One of the less well known highlights of SummerTyne is always the films that are unearthed and shone in the Lounge to a handful of people. Before going outside I popped in and saw a wonderful 14 minute film called Buna and Bertha about two old ladies (in 1985) talking about keeping Appalachian Folk music alive. I just wish more people could see these delightful slices of musical history.
Alongside Massy Ferguson on Saturday the other act that I was desperate not to miss was Rob Vincent whose album will feature in many Top 10’s at the end of the year. The wait was most definitely worth it……this lad has it all; great songs and a stage presence that kept the audience entranced for over an hour.
Following a couple of quick howdy do’s with some old friends; and finally meeting David from the Three Chords and the Truth website; it was into Hall 2 for another Sold-Out show. This time the passionate solo Blues Rock from Lisa Mills…..(a big guitar and an even bigger voice) and the sultry late night soulful Blues from Jo Harman.
Outside on the JHC Stage Errol Linton was making a welcome return with his own take on Urban R&B this time adding some modern hippitty hoppitty (Grime?) splashes for the teenagers.
As I left Hall 2 I caught Chloe Chadwick’s final song and somehow ended up talking so long to some friends I totally missed the Country Twang of Jonathan Terrell on the JHC Stage playing to an ever diminishing crowd as the rain set in with a vengeance…..sorry mate; these things happen at festivals.
With the rain now belting down, the concourse was packed for Scouse Alt. Country band Rosenblume who took full advantage to showcase their exciting and raw songs.
It really impressed me to see how many hardy souls were prepared to sit in a Monsoon more fitting to February to watch RMHQ favourites Brennen Leigh and Noel McKay in the guise of High Plains Jamboree on the JHC Stage. Not for me I’m afraid; I ran around for ten minutes taking photos then decamped back inside the main building. In any other year this would have been the perfect music to watch on a sunny Sunday afternoon.
Back to my opening question….’What is Americana Music?’ Well; one of the highlights of the weekend came next; and the pouring rain yet again a much bigger audience than expected got to witness the beautiful Gospel songs from the Voices of Virtue Choir and hearing them sing such a delightful mix of songs.
As they finished I looked out of the Sage’s huge windows and saw the rain coming down in sheets from four separate angles, so the jacket was zipped up to my throat and the trucker cap pulled on tight as I made a dash outside to see The Savoy Family Cajun Band close the weekend on the JHC Stage. I couldn’t believe my eyes as less than 100 people were there and over 50 were dancing! Dancing in multi-coloured ponchos and wellies! You gotta love Geordies.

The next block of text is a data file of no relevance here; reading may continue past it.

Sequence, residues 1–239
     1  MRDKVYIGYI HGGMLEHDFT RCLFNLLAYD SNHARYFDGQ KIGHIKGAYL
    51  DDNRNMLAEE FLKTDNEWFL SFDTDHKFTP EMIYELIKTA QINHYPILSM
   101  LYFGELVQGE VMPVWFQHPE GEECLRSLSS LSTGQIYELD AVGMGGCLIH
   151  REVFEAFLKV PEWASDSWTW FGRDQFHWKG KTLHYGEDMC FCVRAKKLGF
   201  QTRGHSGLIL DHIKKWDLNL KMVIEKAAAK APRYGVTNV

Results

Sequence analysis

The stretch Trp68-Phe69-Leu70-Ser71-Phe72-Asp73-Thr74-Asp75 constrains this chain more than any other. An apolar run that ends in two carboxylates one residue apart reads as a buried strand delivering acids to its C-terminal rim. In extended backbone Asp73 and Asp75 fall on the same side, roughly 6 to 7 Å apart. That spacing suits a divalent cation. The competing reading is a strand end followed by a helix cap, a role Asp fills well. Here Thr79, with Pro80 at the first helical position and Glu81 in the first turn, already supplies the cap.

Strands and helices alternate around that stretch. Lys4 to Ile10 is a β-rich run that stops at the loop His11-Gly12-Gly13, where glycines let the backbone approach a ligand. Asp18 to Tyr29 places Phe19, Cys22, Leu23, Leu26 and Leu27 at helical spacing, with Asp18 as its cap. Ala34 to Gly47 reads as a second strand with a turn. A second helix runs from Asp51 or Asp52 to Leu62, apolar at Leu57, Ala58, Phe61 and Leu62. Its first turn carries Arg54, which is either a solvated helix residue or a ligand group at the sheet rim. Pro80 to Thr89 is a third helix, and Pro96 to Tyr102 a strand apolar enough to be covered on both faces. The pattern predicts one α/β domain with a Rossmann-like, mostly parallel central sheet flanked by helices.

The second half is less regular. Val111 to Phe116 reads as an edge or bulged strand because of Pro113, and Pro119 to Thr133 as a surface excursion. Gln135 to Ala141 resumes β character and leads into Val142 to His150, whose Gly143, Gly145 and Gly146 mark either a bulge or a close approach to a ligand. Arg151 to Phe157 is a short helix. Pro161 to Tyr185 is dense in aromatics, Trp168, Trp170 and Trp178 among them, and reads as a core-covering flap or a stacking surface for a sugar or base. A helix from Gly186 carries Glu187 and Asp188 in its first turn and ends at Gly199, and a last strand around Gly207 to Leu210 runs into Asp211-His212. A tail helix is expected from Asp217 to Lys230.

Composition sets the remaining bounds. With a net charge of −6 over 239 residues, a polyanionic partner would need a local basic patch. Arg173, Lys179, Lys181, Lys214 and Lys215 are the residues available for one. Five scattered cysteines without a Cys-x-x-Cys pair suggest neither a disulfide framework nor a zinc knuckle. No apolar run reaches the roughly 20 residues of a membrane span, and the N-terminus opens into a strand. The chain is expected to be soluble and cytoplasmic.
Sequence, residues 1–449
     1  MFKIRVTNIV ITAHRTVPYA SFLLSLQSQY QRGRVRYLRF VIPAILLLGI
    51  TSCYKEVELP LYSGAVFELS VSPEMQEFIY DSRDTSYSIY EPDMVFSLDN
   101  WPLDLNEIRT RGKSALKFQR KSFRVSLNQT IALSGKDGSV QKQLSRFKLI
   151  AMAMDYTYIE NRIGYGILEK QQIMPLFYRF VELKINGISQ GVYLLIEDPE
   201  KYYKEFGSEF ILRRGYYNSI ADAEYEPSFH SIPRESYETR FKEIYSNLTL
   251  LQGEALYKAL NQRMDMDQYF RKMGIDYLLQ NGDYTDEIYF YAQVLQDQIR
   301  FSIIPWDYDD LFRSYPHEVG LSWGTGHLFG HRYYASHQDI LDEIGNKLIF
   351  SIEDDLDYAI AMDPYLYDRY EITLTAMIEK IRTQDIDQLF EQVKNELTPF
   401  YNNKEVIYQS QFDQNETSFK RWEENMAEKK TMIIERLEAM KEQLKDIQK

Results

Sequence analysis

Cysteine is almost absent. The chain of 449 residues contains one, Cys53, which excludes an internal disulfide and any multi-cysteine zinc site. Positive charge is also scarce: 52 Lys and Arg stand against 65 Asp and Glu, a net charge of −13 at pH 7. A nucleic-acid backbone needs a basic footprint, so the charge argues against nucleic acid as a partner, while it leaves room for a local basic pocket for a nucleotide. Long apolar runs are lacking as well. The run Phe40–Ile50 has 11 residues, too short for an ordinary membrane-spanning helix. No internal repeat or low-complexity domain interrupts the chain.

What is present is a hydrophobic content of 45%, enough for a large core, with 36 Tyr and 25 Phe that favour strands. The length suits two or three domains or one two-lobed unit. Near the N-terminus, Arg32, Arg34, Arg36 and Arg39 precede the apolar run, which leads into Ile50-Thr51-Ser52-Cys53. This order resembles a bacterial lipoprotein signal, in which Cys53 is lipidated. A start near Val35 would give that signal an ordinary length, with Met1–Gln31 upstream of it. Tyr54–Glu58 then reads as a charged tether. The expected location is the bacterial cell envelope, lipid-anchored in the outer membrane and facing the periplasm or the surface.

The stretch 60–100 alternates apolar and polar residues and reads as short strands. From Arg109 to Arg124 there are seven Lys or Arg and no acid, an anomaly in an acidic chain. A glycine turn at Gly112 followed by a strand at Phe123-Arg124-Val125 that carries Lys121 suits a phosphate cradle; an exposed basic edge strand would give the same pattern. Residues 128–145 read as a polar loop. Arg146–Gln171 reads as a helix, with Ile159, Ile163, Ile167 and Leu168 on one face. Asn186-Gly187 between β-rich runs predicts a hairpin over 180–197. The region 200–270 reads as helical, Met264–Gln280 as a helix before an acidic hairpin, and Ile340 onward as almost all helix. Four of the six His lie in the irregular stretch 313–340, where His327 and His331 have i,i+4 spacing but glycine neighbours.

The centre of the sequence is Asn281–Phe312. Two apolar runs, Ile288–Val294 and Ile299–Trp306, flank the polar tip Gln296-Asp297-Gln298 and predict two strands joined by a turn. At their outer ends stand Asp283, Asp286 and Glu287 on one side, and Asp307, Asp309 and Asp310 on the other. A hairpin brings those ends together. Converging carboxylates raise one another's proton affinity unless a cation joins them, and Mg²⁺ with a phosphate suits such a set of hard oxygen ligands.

Back inside steam was coming off my jacket while I watched local lass Hayley McKay in her sparkly dress on the AMA UK stage. Not to everyone’s taste; I loved her Dollyesque Country-Pop and look forward to the album that is meant to be coming out in the Autumn.
It was a similar sound with Callaghan who opened the evenings entertainment in Hall 1. She looks amazing and has a great voice with some ‘good songs’ and it won’t take much for her to have a hit and surf the Shires coat tails into British Country Stardom.
As she was still tinkling the ivories on the Sage’s Steinway I excitedly made my way to see a band I discovered last year with their debut EP and subsequently fell in love with the follow up LP…..Curse of Lono from London Town!
On the lead up I thought their blend of Southern Gothic music was an odd choice for a support to Chuck Prophet; but hey! It worked and worked incredibly well as a cautious audience fell under the spell as their magical songs won the hall over with ease.
By now I should have been flagging; but the adrenaline was pumping as I went back across the building to see the start of Beth Neilsen Chapman’s concert in Hall I. While I only watched for about 20 minutes, I saw enough to confirm my love of live music. The ever smiling Beth had a couple of ‘technical problems’ which she laughed and joked through before realising she hadn’t plugged the bloody thing in! Still laughing at her own expense she then went into the most beautiful love song.
But, there was Chuck Prophet to see! Even the look on his face as he walked on stage told me he was ‘ready to Rock’ and Rock us he did……two hours of songs played fast and loud with the occasional ballad and political tirade made for a glorious end to another SummerTyne Festival.
What more can I say? SummerTyne is ‘my festival’; it’s on my doorstep and means I can sleep in my own bed and not a tent; but it’s all about the music kids; and the balance of music here plus and the sound quality inside the Sage is as good if not better than anywhere else in the world.